Bulgaria Axes Finance Minister
JOE PARKINSON, The Wall Street Journal
SOFIA—Bulgaria sacked its finance minister on Monday after a weekend of demonstrations over electricity prices brought tens of thousands onto the streets, raising pressure on a government that had until recently defied political gravity by retaining popularity in the teeth of an austerity drive.
Simeon Djankov, a former World Bank official who won the respect of financial markets for undertaking painful reforms but courted controversy in Bulgaria as a fiscal hawk, was relieved from his duties as finance minister by Prime Minister Boyko Borisov on Monday, the government said in a statement. The prime minister proposed Tomislav Donchev, the minister responsible for European Union funds, for the post, the statement said.
The news, which took analysts by surprise, comes as Mr. Borisov’s ruling center-right Citizens for European Development of Bulgaria party, or GERB, is facing mounting pressure after a series of antiausterity protests and corruption scandals have dramatically eroded popular support for its policies.
Sunday saw Bulgaria’s largest demonstration for more than a decade as tens of thousands of protesters gathered in more than a dozen regions, paralyzing city centers and blocking highways. Venting their anger against high electricity bills, the protesters demanded the resignation of the cabinet and the re-nationalization of power distributors. Electricity prices are politically sensitive in the EU’s poorest member state, where power bills bite off a large chunk of monthly incomes, especially during the winter.
Hewing to a tight fiscal policy and navigating the financial crisis without taking a foreign bailout, Bulgaria has stood as one of the EU’s fiscal brightspots, comparing favorably to regional economies Hungary and Romania, which have been plagued by steeper recessions and political turmoil.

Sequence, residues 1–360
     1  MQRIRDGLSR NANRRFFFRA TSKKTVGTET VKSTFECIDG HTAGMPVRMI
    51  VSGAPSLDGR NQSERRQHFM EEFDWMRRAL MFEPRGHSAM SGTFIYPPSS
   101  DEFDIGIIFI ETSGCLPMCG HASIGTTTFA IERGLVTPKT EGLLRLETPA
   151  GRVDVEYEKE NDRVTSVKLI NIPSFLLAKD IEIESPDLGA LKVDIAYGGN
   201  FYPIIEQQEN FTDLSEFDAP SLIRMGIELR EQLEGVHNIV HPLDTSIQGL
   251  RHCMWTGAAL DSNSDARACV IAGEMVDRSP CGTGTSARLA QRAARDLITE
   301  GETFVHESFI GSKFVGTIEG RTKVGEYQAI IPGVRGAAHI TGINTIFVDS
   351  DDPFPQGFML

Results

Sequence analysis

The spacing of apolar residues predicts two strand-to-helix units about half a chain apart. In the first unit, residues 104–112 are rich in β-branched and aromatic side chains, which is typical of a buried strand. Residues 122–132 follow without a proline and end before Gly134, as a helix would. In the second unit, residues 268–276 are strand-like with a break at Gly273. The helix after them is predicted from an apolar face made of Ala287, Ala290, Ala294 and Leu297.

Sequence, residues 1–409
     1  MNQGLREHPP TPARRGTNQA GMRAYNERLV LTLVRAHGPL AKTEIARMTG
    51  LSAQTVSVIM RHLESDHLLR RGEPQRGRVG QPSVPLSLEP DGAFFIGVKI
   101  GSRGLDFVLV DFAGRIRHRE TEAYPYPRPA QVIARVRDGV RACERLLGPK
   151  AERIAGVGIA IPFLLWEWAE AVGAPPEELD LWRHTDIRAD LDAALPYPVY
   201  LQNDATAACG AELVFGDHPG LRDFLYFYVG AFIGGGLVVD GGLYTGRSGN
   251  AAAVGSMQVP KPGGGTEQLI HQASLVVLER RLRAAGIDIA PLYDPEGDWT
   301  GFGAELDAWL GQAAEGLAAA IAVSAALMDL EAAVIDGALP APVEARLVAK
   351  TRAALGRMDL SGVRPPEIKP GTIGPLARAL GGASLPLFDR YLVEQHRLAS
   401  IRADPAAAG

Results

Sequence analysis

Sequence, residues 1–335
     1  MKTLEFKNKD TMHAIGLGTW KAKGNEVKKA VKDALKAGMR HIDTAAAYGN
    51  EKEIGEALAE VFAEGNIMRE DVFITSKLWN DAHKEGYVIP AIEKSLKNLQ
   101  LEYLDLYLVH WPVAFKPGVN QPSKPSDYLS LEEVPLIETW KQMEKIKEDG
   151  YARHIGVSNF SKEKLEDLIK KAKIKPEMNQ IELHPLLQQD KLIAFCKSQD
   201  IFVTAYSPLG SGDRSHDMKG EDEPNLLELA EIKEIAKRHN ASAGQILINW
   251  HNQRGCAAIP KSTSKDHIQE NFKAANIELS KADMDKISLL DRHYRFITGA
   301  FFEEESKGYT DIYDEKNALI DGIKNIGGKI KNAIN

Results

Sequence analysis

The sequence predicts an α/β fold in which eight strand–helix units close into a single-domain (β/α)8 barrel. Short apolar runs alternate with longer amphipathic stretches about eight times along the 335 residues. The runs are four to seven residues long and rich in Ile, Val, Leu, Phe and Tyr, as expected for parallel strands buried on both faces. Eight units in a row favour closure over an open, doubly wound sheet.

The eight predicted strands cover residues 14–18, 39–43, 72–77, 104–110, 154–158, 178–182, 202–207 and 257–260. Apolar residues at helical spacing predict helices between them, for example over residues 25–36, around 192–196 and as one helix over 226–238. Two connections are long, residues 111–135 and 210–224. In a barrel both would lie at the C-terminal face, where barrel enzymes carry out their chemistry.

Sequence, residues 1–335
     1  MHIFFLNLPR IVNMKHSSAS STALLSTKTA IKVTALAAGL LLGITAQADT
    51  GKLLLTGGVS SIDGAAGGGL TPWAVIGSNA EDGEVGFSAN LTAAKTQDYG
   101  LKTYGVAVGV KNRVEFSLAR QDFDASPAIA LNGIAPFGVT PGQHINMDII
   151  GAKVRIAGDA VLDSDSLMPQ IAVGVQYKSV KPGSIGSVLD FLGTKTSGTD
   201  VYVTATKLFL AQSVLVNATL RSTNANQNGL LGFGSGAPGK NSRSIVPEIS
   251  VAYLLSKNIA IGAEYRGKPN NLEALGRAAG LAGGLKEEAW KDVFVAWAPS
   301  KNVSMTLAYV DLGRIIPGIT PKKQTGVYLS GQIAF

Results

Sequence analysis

But analysts warned that the removal of Mr. Djankov, the government’s most high-profile technocrat, would likely foreshadow a shift toward more populist economic policies ahead of national elections tabled for July.
“Djankov was the figure who symbolized fiscal and financial discipline. The whole economic policy was based on these priorities,” said Daniel Smilov, program director at the Center for Liberal Strategies, a Sofia-based think tank. “Now there is an expectation that some change in economic course is imminent and that may make some people nervous.”
There were signs that Czech power company CEZ AS, BAACEZ.PR -0.44% which has been the focus of popular anger at rising energy prices, could be in the cross hairs of a more populist policy. Bulgaria’s Energy Economy and Tourism Ministry said on its website on Sunday that the national energy regulator was considering whether to revoke CEZ’s license due to allegations the company violated public-procurement rules. CEZ, which insists it hasn’t breached regulations, had 9.9 % of its 2011 revenue from Bulgaria, making it the company’s second-largest market after the Czech Republic.
Bulgaria’s opposition leaders on Monday sought to build pressure on Mr. Borisov, stressing that the removal of Mr. Djankov would not alleviate public anger.
“This move means Borisov is panicking…The change is not enough, we need a new government and new rules,” said Ivan Kostov, former Prime Minister and leader of the rightist Democrats for Strong Bulgaria party was quoted as saying by Bulgarian state media.
On the periphery of the euro zone, but overwhelmingly dependent on the bloc’s larger economies for growth, Bulgaria won admiration from Brussels by reducing its budget deficit to 0.5% of gross domestic product last year from 2% in 2011. The economy managed a 0.5% expansion in the fourth quarter from a year earlier, marking its 10th successive quarter of growth
But opinion polls in recent months showed a precipitous decline in the ruling party’s ratings after three years of austerity policies, corruption scandals snaring cabinet ministers and a lack of significant results in fighting crime and graft.
A lead of 15 percentage points last year has evaporated in recent months, placing GERB level with the Bulgarian Socialist Party, according to recent polling. Analysts say that electoral arithmetic would make it very difficult for Mr. Borisov to form a single-party government at national elections and could prompt the Prime Minister to call a snap poll in the Spring. On the streets of Sofia on Monday, residents appeared polarized about the news.
Boiana Stoyanov, a 34-year old hotel manager said Mr. Djankov had been made a “scapegoat” and his ouster showed the coming election campaign “will be dirty.” Tsvetan Tcherneva, a pensioner who demonstrated in Sofia on Sunday said he was surprised Mr. Djankov lasted so long. “He brought American ideas and took an ax to pensions and to state wages. The government is in serious trouble now,” he said.